New Delhi: After dominating the headlines for the past few days, farmers’ protest took a backseat on prime time debates Wednesday night. The focus, instead, shifted to the upcoming film city in Noida and Uttar Pradesh Chief Minister Yogi Adityanath’s attempt to woo Bollywood actors.
NDTV 24×7, however, decided to stick with farmers. Anchor Sreenivasan Jain asked, “The government has tried to offer multiple assurances…then why are Indian farmers still protesting?”
Harish Damodaran, rural affairs editor at The Indian Express, said, “Farmers are saying MSP (Minimum Support Price) should be made a legal entitlement. Ultimately, the MSP has come to the fore. None of the bills mention MSP. You can see a scenario where the government walks three steps forward and four steps backwards. And the worst case scenario would be that you would have to roll back all these three laws, which looks likely.”
Sardar V.M. Singh, the national convenor of the All India Kisan Sangharsh Coordination, noted, “This is an old demand of ours, this is nothing new,”
And believe it or not, popular South Korean band BTS was the topic of discussion on Zee News—that too in connection with farmers.
Anchor Sudhir Chaudhury talked about the K-pop (Korean pop) band being allowed to defer compulsory military service for two years by the South Korean government and argued that “no one was above the law”.
His rather convoluted point was as follows: “Even though K-Pop is South Korea’s soft power, the government did not grant them the permission to opt out from the military service but only defer it. Similarly, the farmers are India’s soft power, but they should understand that nobody is above the law.”
India Today debated what the UK approving the Pfizer-BioNTech Covid vaccine meant for India and whether an mRNA vaccine was safe.
Messenger RNA, or mRNA, instructs cells to produce many substances that allow the body to function. These vaccines use carefully designed mRNA strands to teach cells to create a modified version of a key coronavirus protein, prompting an immune response that can fend off the real virus.
Dr K Srinath Reddy, president of the Public Health Foundation of India (PHFI), said, “It’s a great success for science and good success as far as public health strategies in the UK, Europe and the US are concerned. But it is unlikely to change the course of the epidemic in most of the world because this vaccine has serious requirements of a sub-zero temperature -70 degree celsius.”
On the safety and vaccine of the mRNA vaccine Dr Vikram Talaulikar from the University College of London, said, “This is going to be the first mRNA vaccine, which is going to be mass produced and given to million and billions of people but I think none of the vaccines have gone through all the stages right now without robust testing for efficacy and safety.”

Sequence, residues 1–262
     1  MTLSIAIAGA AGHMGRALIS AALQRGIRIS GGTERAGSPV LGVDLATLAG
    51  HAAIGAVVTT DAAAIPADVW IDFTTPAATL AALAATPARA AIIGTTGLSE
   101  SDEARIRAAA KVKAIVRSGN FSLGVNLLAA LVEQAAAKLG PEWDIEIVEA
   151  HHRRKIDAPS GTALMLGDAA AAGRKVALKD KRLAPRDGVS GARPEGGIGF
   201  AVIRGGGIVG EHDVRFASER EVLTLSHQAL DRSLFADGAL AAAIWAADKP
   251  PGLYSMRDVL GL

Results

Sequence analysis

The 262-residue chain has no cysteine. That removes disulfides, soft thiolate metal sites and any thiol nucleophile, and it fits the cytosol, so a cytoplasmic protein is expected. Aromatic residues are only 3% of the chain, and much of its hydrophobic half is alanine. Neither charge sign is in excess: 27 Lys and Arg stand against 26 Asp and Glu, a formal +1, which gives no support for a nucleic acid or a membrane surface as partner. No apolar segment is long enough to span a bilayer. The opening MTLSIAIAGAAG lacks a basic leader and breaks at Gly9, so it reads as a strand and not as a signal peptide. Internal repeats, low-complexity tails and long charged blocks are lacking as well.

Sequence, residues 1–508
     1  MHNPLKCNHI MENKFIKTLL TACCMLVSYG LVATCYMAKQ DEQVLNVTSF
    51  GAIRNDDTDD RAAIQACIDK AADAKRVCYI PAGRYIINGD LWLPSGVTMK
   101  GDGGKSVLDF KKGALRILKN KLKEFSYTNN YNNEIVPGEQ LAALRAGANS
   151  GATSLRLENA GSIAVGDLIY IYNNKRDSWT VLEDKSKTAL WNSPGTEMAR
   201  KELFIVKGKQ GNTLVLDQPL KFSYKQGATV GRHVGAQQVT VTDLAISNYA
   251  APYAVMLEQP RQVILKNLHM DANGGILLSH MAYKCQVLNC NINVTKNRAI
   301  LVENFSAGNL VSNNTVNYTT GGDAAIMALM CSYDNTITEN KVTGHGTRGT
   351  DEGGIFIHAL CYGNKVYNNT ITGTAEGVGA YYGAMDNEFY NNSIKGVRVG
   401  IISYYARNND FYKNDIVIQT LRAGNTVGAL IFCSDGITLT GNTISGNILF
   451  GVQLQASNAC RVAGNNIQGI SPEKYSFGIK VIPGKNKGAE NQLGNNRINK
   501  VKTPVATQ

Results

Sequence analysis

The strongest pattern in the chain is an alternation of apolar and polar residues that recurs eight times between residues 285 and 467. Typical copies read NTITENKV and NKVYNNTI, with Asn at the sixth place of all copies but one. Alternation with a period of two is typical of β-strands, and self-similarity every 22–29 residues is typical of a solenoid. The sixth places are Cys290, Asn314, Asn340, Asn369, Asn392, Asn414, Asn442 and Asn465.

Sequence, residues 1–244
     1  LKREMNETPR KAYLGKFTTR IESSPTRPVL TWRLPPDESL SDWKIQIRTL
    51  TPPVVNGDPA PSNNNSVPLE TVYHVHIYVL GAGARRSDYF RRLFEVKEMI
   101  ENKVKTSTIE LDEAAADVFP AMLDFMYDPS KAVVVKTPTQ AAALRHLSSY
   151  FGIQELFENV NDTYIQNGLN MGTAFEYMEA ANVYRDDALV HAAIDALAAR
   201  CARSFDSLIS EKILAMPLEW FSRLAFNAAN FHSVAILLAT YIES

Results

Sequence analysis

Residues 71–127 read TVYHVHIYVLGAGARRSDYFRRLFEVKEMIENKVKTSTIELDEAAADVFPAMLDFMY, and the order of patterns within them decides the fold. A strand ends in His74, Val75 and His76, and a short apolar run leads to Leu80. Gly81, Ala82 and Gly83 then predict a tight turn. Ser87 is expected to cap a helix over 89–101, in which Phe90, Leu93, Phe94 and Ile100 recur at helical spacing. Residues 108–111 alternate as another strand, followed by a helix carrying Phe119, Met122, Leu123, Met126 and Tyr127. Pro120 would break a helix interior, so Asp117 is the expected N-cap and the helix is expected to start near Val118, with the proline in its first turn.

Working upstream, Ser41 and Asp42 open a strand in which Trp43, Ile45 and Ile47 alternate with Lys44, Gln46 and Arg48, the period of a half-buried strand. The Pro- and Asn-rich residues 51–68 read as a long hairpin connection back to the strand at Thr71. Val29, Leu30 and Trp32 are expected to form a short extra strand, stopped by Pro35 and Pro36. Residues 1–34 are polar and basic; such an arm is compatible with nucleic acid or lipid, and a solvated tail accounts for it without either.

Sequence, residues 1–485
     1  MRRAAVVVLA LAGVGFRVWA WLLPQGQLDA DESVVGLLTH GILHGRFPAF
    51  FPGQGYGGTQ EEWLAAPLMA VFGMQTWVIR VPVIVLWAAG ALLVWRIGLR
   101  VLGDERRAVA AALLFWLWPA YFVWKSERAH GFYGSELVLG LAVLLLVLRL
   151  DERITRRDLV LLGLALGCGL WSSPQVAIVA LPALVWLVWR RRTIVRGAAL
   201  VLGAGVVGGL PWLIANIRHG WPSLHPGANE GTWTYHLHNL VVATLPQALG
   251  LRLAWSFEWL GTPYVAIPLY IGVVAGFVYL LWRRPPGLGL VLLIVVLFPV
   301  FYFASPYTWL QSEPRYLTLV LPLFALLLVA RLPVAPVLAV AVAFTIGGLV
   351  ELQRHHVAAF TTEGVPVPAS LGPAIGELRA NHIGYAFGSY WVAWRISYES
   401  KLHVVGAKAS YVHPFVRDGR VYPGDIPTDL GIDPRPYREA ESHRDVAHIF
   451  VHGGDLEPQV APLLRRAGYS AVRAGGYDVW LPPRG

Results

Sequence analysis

On ABP News, Rubika Liyaquat rather baselessly declared that Covid vaccine is just a week away.
She argued that since the UK had granted permission to use the Pfizer vaccine, it will soon be available in other countries as well. Ironically, several media reports indicate that the Pfizer vaccine will not be available in India any time soon.
Deepak Chaurasia discussed the controversy over the construction of a film city in Noida, which is being opposed by the Shiv Sena, on News Nation.
Shiv Sena supporter Kishor Tiwari claimed that approximately 10 lakh people worked in Mumbai’s film industry.
“After attempts of maligning the industry, we’ll not let them succeed in taking away the employment of these 10 lakh people who live in Mumbai,” said Tiwari.
But BJP leader Ram Kadam said that Shiv Sena and other such opposers are worried because their weekly extortion will end.
“The film industry was neglected by the Uddhav Thackeray government during the lockdown. Now when Yogiji is coming forward to help them and provide them opportunities, why should they object?” he asked.
Meanwhile, CNN-News18 discussed a US government report, which said that the Galwan valley conflict in May between India and China had been planned by the People’s Liberation Army.
“How does this US report influence or play into the incoming administration of Joe Biden,” asked anchor Zakka Jacob.
Former army chief general V.P. Malik said, “This will now be accepted by the Biden administration. While in the report, at the macro-level, I agree with the recommendation that what you’re seeing now is an expansionist and assertive China…but I think in Galwan valley there was no plan to attack each other.”
On why India hasn’t officially called it a premeditated clash, K.C. Singh, a former diplomat, said, “We have to be careful because the outgoing Trump administration is trying to muddy the water for the incoming administration. So Biden may reach out to Iran or China. So we can talk about it with a little discount.”